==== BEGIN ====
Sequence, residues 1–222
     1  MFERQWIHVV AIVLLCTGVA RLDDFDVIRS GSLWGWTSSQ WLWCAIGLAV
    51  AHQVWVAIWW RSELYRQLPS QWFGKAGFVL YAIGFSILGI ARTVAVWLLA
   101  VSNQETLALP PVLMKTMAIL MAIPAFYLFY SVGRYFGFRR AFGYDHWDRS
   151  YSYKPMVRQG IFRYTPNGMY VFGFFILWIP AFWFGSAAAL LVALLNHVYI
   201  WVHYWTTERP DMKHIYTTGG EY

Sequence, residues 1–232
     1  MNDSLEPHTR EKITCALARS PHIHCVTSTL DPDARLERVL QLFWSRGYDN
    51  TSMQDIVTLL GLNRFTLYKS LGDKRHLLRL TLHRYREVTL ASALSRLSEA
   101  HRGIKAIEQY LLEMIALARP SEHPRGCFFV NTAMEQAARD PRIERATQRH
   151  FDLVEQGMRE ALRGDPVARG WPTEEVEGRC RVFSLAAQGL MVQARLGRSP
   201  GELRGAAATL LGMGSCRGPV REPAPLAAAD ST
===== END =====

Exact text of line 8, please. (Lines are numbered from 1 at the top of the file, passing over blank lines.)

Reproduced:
     1  MNDSLEPHTR EKITCALARS PHIHCVTSTL DPDARLERVL QLFWSRGYDN